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INLAND WATERS TRAFFIC STATISTICS PUBLISHED

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In the UK 53.9 million tonnes of cargo were carried on inland waters...
In the UK 53.9 million tonnes of cargo were carried on inland waters

in 2001, the department for transport has announced.

The department's Statistics Bulletin Waterborne Freight in the United

Kingdom 2001 shows that:

- the volume of goods moved (the tonnage of the cargo lifted

multiplied by the distance travelled) on inland waters in 2001 was

1.9 billion tonne-kilometres.

- crude petroleum and petroleum products dominated waterborne freight

movements with 43.5 billion tonne-kilometres of goods moved, 74 per

cent of all waterborne freight.

- of the total tonnage of waterborne freight carried in 2001

including coastwise, one- port and inland waters traffic, 41 per

cent was carried on inland waters at some stage in its

transportation. In terms of goods moved, inland waters accounted

for 3 per cent of the total.

- water transport, including coastwise, one-port (mainly offshore

oil) and inland waters traffic carried 6 per cent of goods lifted

measured in tonnes, and 24 per cent of goods moved, measured in

tonne-kilometres, of all modes of transport in the United Kingdom

in 2001.

- UK-registered ships handled 12 million tonnes of coastwise and

one-port oil cargoes, 16 per cent of the total.

- the Thames was the busiest of the major inland waterways with 20.8

million tonnes of goods lifted and 0.8 billion tonne kilometres of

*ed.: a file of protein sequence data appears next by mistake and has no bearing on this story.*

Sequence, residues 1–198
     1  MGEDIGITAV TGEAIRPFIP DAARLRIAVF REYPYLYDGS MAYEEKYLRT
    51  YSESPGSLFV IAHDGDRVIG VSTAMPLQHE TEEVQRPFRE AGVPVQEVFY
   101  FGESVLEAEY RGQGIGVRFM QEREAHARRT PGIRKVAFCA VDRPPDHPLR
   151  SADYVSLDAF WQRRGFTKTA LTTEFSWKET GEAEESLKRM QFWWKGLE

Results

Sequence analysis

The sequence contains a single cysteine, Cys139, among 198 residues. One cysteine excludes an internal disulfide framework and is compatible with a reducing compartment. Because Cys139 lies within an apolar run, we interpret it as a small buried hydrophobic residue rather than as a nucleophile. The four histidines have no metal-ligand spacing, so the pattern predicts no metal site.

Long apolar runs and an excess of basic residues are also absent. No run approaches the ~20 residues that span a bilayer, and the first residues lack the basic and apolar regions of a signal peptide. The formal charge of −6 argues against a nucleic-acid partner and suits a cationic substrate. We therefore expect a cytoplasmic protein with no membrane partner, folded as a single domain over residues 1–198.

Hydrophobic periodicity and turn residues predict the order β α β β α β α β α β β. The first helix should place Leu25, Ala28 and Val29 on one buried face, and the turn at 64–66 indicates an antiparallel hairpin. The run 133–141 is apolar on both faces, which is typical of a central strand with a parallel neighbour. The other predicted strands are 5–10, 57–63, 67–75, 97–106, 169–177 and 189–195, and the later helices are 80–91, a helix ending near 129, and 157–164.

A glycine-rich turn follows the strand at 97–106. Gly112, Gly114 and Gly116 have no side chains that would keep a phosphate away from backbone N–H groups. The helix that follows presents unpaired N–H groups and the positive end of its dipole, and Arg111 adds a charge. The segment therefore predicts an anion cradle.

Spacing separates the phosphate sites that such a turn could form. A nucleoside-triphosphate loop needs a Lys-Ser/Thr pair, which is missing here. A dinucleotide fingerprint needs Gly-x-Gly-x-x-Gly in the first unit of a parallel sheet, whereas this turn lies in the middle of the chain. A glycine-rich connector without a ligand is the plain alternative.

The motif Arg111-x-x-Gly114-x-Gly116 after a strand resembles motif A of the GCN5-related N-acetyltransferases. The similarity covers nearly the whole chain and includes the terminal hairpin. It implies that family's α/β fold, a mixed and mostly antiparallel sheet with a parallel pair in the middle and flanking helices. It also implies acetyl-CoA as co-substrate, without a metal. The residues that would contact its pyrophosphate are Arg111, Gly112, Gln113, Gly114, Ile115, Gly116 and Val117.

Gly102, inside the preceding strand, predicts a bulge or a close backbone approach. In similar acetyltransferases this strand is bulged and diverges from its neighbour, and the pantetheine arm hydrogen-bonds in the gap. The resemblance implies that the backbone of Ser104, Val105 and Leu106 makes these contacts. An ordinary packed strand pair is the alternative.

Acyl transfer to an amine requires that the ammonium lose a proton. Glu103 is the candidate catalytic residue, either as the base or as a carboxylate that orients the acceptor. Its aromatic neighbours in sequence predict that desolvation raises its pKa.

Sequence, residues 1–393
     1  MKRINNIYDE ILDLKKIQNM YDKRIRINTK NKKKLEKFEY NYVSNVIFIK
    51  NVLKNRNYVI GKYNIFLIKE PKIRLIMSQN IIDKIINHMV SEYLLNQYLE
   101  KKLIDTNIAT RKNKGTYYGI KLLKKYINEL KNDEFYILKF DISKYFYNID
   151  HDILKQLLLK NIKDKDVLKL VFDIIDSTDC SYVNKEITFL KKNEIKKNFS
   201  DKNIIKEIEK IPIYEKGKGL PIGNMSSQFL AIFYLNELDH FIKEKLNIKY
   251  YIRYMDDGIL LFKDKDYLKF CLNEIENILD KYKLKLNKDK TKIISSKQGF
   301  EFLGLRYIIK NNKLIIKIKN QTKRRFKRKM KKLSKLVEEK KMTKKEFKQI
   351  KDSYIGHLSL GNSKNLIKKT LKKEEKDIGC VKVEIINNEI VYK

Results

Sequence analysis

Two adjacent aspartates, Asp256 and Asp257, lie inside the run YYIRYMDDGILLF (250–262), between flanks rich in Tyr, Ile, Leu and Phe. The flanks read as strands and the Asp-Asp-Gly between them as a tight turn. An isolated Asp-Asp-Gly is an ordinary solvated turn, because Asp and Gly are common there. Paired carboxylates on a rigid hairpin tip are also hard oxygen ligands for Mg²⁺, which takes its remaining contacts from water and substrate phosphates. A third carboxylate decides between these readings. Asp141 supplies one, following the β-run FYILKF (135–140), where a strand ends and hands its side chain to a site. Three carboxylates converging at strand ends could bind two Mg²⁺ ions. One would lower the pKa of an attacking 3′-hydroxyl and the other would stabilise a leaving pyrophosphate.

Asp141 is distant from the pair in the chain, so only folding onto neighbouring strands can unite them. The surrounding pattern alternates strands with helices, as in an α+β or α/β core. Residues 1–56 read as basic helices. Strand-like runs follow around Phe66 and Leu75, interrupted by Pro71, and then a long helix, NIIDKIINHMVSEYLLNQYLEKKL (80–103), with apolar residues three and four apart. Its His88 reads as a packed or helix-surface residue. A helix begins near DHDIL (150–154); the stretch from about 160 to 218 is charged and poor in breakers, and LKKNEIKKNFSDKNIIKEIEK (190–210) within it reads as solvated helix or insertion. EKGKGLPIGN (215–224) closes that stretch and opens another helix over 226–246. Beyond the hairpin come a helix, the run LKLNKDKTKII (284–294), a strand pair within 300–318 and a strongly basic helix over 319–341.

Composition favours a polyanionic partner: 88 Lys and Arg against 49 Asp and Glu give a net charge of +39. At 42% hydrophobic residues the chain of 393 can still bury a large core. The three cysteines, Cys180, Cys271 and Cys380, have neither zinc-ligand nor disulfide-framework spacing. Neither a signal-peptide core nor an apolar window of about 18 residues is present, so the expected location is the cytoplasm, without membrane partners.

goods moved.

NOTES

1. Waterborne Freight in the United Kingdom 2001 presents information

on freight traffic moved within the United Kingdom by water transport

in 2001. The statistics cover traffic carried by both barges and

seagoing vessels along inland waters, traffic carried around the UK

coast, traffic to and from offshore installations, and sea dredging

and dumping. The statistics are compiled by MDS-Transmodal for the

department, and come from a range of sources: port traffic statistics

collected from shipping lines or the ir agents and port authorities,

returns from surveys of barge operators, and shipping arrivals data

supplied by Lloyd's Marine Intelligence Unit.

2. There are two measures of traffic: goods lifted measured in

tonnes, and goods moved calculated by multiplying the tonnage of

goods lifted by the distance the cargo is moved. One-port traffic

comprises traffic to and from offshore installations including crude

oil shipped directly to UK refinery ports or onshore terminals, and

also aggregates dredged from the sea bed.

3. There are important changes to the way that some of the

information has been derived from 2000 onwards, principally affecting

foreign, coastwise and one-port traffic and also inland waters

penetration of such traffic. The reason for the change is that a new

system for collecting detailed port traffic statistics was introduced

in 2000 to comply with the requirements of the EC Maritime Statistics

Directive (Council Directive 95/64/EC on statistical returns in

respect of the carriage of goods and passengers by sea). The new

collection arrangements produce muchmore reliable estimates of

foreign, coastwise and one-port traffic.

4. This is the latest in an annual series of reports stretching back

to 1980. It is available on the DfT website.

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